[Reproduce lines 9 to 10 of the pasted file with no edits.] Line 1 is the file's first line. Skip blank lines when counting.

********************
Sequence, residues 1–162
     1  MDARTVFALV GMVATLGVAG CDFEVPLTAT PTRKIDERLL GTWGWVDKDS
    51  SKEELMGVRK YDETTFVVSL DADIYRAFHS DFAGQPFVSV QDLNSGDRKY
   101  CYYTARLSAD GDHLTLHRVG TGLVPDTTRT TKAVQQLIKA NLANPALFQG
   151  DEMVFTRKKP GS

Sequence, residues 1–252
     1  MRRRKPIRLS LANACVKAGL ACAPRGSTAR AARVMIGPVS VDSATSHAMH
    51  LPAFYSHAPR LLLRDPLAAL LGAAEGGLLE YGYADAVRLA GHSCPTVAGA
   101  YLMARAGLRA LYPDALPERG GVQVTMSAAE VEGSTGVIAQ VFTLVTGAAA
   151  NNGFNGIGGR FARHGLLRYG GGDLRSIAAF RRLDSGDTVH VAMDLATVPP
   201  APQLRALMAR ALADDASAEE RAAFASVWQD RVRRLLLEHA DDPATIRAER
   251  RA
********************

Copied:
   101  YLMARAGLRA LYPDALPERG GVQVTMSAAE VEGSTGVIAQ VFTLVTGAAA
   151  NNGFNGIGGR FARHGLLRYG GGDLRSIAAF RRLDSGDTVH VAMDLATVPP